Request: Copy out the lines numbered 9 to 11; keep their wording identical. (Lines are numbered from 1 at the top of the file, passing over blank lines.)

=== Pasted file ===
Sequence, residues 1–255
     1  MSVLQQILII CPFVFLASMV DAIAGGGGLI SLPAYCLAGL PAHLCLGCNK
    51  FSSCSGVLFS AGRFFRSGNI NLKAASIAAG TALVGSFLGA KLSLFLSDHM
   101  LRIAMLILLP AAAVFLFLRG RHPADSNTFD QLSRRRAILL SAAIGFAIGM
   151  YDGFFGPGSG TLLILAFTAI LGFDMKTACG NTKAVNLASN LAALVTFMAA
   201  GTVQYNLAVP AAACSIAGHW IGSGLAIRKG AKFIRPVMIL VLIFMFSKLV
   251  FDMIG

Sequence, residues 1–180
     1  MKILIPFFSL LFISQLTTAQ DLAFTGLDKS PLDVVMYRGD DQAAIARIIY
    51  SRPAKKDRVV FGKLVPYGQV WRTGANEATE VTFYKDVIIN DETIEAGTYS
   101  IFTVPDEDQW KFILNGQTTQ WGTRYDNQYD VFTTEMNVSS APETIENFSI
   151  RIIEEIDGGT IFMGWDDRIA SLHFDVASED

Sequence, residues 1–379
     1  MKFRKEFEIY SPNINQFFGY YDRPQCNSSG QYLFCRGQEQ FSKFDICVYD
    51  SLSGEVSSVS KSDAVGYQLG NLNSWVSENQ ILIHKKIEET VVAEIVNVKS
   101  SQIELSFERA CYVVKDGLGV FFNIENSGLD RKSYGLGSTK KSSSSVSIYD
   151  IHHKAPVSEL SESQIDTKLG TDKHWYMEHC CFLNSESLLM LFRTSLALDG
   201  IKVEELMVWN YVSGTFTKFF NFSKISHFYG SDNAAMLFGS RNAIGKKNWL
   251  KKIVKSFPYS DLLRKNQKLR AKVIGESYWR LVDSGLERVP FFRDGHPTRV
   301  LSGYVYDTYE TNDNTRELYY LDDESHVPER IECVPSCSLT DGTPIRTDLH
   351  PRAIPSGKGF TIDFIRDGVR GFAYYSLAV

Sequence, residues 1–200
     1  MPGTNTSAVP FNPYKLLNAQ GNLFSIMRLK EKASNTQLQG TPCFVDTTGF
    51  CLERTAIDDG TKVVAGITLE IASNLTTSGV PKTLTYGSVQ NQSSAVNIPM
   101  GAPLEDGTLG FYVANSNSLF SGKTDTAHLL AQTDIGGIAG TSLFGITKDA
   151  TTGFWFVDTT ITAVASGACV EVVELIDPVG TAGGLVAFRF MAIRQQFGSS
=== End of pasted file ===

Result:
     1  MKILIPFFSL LFISQLTTAQ DLAFTGLDKS PLDVVMYRGD DQAAIARIIY
    51  SRPAKKDRVV FGKLVPYGQV WRTGANEATE VTFYKDVIIN DETIEAGTYS
   101  IFTVPDEDQW KFILNGQTTQ WGTRYDNQYD VFTTEMNVSS APETIENFSI